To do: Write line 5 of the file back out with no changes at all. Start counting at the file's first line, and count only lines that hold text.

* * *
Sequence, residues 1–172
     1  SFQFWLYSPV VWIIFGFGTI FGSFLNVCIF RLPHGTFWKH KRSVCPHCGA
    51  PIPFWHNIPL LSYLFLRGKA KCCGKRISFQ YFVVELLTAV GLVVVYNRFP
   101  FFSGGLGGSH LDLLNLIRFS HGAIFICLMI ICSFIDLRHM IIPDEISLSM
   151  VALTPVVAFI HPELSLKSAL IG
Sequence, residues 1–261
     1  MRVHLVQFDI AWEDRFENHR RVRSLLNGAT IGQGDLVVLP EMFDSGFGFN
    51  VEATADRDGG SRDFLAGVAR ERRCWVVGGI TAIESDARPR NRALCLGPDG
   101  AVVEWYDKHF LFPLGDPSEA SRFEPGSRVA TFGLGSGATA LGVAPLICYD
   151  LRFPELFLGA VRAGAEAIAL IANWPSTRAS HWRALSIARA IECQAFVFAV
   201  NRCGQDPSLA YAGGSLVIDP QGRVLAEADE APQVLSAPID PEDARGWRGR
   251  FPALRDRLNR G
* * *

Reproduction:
   151  VALTPVVAFI HPELSLKSAL IG